Sidenote:  After the debt is gone, you will want more cash reserves because you won’t want to put emergencies on credit card anymore.  You’ll want this to be your last revolving CC debt if possible.  While you’re paying debt off, you’re trading off savings account interest for higher debt interest.  When debt is done, you’re trading off savings account interest for spending or uncertain investment returns, so keeping cash reserves makes more rational sense than it does when the alternative is paying off debt.

Retirement is another potential place to get money, but for your situation we do not recommend it.  We agree with you that it’s better for you to keep investing in retirement for the duration.  Mathematically it doesn’t make sense to keep investing for retirement (above the match) while carrying high interest debt.  But in reality, getting out of the habit of saving for retirement and then getting back into saving for retirement sometimes means that you don’t get back into saving for retirement right away.  If you were unable to reduce the debt from 16% to 5%, I might recommend you put all retirement saving other than what it takes to get an employer match on hold.  If you were at 25% or more interest rates, I would definitely recommend it.  Conversely, if your debt were all below 5% then I would say to definitely keep investing in retirement.  With the information you’ve given me, I’d say keep doing what you’re doing with retirement unless you can’t get that HELOC.

If your math suggests you’re going to be paying off for the long-haul, another trick is to put any and all raise or bonus money directly towards debt.  You’re unlikely to miss it (at least until grocery prices start going up…).

When you’re in debt repayment mode, there are also things you can do temporarily that we mentioned tongue-in-cheek earlier.  These are gimmicks that nevertheless help people (especially if you blog about it as a challenge!)  These all come under the header of “spend less” or “make more.”  Temporary no-spending or “compact” (where you buy only used) challenges can be fun and enlightening, especially when they’re voluntary.  No-spending days are pretty useless, but no-spending (or compact) months (or quarters or semesters or years) can help you figure out what you really value, what was just a habit (now broken) and how you can get creative about reducing consumption.  If you’re at all LA, you can think of it as a spending cleanse.  I also love reading about them on people’s blogs (when they’re actual no spending challenges and not ones with so many exceptions that they end up buying more luxuries than we do– those frustrate me).   Selling used designer clothing on Poshmark is “in” on a lot of the blogs we’re reading about now, and craigslist and ebay sales are also popular.  Even just a garage sale could generate a couple hundred dollars to throw at debt.  (I wouldn’t do this kind of thing regularly, but if you’re jump-starting a massive debt-repayment, why not?)  If you have marketable skills, you can try picking up some freelancing or contract work in those areas and dedicate that money towards debt repayment (minus estimated taxes).  Dave Ramsey recommends any kind of side hustle, like delivering pizzas or waitressing, but we’re not going to suggest going that direction unless it’s something you enjoy or that helps your main career (if you had bad credit and couldn’t get those interest rates down, we’d be pushing side hustles harder, but you’re going to be ok, you just want to get rid of that almost $800 drain on your finances each month).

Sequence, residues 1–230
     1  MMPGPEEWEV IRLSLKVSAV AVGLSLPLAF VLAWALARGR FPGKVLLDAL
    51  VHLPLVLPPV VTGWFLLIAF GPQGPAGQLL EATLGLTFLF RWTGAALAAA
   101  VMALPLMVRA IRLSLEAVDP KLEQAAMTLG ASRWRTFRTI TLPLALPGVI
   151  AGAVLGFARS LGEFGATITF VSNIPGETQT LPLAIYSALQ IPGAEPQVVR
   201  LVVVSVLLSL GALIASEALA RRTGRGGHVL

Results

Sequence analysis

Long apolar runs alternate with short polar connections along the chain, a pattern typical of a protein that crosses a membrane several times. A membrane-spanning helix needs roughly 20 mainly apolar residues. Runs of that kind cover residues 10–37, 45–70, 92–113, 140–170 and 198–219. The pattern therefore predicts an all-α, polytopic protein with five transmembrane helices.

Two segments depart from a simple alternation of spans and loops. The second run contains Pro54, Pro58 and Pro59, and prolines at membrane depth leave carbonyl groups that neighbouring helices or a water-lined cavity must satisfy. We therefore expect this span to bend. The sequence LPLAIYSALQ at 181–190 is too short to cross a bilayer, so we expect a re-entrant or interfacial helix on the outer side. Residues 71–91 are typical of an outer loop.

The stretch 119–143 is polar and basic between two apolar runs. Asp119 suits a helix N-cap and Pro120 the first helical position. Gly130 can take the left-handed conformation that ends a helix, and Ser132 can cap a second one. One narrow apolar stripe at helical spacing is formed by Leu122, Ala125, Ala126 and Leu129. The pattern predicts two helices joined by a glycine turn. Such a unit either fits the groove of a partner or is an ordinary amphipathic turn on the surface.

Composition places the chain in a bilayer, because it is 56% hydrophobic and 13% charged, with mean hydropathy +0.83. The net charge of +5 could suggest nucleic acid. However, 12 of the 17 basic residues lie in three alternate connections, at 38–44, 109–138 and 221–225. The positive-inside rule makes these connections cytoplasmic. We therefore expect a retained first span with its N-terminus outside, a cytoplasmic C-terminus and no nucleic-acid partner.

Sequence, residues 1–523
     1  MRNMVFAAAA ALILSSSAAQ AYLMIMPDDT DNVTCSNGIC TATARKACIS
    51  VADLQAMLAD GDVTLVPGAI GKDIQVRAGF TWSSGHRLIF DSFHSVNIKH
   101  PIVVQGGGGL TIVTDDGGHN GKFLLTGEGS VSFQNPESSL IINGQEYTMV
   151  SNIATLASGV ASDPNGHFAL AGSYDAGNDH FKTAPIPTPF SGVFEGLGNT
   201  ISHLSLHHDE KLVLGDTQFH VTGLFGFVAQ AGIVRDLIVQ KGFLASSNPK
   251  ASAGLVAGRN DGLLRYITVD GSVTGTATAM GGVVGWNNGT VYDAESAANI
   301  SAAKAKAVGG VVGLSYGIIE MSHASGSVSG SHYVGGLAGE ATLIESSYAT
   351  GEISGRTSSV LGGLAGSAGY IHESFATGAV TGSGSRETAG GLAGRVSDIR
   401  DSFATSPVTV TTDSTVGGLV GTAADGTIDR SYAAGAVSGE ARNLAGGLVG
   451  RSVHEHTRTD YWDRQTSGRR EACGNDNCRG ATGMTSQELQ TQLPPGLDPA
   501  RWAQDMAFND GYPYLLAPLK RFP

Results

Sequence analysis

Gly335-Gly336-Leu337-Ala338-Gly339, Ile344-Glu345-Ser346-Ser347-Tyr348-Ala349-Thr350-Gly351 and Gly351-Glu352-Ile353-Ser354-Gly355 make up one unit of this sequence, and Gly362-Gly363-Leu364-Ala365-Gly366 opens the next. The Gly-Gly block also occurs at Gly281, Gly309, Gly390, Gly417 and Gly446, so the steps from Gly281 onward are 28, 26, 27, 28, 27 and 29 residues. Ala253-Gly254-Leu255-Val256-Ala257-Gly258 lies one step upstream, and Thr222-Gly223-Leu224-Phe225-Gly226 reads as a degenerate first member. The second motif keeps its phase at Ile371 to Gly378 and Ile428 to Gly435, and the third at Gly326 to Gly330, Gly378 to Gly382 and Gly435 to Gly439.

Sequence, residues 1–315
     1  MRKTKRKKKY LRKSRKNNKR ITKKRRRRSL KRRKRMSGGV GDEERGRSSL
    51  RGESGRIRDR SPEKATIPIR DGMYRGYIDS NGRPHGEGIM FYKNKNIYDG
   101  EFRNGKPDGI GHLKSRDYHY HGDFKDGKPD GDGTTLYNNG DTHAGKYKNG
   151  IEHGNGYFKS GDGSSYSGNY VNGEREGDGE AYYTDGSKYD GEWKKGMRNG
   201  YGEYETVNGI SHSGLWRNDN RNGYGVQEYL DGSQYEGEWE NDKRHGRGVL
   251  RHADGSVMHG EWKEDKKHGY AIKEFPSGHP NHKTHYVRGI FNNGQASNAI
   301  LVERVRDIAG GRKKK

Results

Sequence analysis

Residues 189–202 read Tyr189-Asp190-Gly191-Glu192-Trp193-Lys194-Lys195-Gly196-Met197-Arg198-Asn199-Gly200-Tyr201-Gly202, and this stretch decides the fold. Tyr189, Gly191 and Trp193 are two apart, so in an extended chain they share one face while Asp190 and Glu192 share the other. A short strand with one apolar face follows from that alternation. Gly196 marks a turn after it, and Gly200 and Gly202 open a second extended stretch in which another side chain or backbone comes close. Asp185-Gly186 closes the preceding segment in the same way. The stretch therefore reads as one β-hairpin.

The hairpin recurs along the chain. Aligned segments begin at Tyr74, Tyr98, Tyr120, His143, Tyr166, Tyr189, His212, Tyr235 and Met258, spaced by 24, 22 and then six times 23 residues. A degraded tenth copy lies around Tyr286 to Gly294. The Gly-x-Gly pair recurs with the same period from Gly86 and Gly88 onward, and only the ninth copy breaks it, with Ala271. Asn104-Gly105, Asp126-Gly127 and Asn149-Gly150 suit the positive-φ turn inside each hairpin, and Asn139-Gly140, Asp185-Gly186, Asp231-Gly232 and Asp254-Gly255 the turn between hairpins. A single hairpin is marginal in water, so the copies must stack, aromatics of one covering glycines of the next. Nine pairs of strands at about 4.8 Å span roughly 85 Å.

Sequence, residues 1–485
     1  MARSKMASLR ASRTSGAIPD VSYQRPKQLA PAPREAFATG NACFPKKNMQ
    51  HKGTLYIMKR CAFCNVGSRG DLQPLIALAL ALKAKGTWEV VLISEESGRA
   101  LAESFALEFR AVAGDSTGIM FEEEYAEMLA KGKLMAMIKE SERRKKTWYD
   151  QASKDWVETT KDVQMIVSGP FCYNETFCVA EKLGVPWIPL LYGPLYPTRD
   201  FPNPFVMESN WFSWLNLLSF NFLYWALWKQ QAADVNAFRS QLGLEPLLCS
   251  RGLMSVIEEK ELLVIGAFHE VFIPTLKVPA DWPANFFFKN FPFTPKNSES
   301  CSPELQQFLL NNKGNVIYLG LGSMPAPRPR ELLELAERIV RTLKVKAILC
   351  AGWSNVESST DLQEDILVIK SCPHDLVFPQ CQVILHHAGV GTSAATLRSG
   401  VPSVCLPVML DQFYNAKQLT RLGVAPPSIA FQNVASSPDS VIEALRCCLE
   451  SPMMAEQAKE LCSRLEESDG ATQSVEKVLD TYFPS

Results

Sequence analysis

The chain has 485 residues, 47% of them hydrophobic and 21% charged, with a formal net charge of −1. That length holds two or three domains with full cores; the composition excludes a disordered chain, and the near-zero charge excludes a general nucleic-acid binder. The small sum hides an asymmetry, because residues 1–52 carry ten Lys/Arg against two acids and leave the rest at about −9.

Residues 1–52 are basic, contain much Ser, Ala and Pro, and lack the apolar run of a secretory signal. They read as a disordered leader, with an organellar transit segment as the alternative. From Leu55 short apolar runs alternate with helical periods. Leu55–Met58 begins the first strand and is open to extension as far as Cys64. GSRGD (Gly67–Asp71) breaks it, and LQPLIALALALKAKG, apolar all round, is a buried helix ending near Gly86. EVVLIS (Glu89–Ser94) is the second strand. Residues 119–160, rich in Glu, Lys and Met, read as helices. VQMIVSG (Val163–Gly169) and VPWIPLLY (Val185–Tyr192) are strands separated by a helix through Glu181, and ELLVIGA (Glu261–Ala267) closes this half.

Final words of encouragement!